29th January 2018
Chiltern Hills guide Tim Mills shares his advice on setting training goals
We completed our first LSR (long slow run) on Sunday and it was good to hear the buzz from fellow runners talking about upcoming plans, challenges and goals.
So I wanted to lend some helpful advice to goal setting around distances, training and races.
The key to goal setting is for it to be motivating and not detrimental to your training. I have made the mistake in the past of setting over ambitious goals and then always playing catch up, adding significant stress to my runs.
Set three goals
Setting three differentiated targets removes the win/lose situation and allows you to have a range of goals you can switch between, dependant on your progress. After dedicating 4 months of training the last thing you want to do is cross the line and feel disappointed.
A slightly ambitious target which could be achieved if all you training, nutrition & hydration plans go perfectly, and with no injuries. Example: 3h15 marathon time.
A target you think is achievable when you first start training. This should be your main focus and reviewed every 6 weeks. (Maybe with a Yasso 800 workout). Example: 3h30 marathon time.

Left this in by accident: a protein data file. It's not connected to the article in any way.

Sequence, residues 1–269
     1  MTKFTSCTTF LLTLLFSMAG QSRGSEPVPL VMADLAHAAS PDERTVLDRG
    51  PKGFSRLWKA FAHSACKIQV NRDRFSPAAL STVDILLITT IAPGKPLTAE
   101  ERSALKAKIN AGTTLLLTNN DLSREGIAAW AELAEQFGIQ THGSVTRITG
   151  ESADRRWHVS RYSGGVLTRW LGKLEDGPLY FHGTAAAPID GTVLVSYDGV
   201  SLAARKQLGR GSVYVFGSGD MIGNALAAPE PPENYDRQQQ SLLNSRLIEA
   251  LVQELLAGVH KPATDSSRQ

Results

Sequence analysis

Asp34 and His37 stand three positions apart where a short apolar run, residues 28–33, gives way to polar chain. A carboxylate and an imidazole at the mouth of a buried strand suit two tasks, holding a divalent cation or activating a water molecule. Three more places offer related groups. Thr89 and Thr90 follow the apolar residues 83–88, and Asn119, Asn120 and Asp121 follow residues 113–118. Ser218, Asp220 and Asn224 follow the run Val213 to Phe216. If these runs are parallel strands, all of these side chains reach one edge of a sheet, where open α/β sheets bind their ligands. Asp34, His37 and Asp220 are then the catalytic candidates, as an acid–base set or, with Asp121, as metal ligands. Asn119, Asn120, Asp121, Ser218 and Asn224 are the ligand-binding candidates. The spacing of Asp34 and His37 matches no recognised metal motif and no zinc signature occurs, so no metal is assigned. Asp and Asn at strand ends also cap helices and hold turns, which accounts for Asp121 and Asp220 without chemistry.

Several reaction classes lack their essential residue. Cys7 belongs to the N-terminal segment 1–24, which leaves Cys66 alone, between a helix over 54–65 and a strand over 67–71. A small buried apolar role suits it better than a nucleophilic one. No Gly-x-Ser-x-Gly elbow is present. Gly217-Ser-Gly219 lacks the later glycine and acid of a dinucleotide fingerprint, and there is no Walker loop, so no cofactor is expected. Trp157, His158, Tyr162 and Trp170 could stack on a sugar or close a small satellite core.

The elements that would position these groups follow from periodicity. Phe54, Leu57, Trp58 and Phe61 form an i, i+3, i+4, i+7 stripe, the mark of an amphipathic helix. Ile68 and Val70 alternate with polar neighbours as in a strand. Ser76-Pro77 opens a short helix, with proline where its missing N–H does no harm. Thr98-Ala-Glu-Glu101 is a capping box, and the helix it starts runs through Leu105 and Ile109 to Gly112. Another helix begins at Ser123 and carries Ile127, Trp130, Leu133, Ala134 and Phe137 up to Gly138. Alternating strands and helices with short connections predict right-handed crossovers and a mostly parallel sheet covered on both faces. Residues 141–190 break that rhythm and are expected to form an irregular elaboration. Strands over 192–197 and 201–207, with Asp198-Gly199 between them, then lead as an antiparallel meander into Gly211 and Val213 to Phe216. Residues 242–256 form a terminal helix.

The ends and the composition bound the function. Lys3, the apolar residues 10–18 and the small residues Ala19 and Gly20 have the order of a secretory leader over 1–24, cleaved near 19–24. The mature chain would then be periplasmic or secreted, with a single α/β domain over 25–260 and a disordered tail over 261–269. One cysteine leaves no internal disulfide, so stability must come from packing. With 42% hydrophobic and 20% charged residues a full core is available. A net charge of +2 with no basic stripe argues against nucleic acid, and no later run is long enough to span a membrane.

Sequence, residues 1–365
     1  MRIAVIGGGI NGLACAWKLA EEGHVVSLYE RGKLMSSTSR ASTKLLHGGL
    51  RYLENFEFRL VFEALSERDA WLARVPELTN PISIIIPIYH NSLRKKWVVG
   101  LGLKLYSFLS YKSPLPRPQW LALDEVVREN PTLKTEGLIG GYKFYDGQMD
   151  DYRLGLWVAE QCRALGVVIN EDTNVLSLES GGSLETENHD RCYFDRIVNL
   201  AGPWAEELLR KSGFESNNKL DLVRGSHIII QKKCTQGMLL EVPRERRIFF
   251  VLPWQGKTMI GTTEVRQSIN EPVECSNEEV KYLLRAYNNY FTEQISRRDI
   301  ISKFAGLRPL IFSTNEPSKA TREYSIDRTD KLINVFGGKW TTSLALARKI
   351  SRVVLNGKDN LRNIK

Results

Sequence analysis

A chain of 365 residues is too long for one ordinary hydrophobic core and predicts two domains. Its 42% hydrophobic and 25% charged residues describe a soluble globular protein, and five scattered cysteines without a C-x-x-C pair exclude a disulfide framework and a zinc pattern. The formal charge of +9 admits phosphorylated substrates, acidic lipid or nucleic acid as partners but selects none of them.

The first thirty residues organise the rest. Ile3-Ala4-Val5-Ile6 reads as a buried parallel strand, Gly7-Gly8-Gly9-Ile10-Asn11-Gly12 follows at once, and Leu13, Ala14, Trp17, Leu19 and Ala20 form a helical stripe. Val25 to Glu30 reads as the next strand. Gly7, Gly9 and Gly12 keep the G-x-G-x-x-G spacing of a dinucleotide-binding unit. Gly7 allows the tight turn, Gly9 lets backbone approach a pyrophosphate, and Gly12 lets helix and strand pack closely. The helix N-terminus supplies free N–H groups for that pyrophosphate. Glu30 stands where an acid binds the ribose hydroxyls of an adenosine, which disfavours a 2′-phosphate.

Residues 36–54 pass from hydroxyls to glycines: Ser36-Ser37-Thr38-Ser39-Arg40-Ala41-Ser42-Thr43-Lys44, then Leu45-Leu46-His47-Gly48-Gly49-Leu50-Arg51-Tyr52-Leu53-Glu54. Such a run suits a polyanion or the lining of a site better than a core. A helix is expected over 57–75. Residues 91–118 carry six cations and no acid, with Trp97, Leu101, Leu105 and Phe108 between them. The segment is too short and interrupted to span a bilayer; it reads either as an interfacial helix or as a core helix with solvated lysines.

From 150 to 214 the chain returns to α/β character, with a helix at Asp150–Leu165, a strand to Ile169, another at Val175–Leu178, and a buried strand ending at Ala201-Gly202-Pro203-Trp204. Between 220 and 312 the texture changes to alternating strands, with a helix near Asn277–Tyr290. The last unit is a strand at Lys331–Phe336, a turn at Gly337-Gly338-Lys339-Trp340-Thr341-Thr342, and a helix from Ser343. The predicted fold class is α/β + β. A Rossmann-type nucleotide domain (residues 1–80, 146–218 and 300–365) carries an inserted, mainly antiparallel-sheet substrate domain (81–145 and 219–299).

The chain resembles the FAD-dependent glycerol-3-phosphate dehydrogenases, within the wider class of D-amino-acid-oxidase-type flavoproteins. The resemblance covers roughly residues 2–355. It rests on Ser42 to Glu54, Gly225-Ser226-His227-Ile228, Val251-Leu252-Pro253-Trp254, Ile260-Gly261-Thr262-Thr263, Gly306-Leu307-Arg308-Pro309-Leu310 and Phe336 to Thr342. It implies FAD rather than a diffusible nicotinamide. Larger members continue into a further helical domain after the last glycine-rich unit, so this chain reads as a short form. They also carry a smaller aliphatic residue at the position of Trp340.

A very achievable target, this could be a slower time or simply to complete the race.
This method of simple goal setting can be applied in all training situations, whether that's intervals, tempos or LSRs.
It is especially helpful with all the variables that come with running; weather, terrain, stress, injury, lack of sleep. Before each training session choose a goal (A,B,C) that makes sense and adjust your pace and expectations accordingly.
Remember putting too much pressure on yourself before or during a run increases stress levels and your body will react negatively.
Thanks for reading and we can chat about it more on the trails.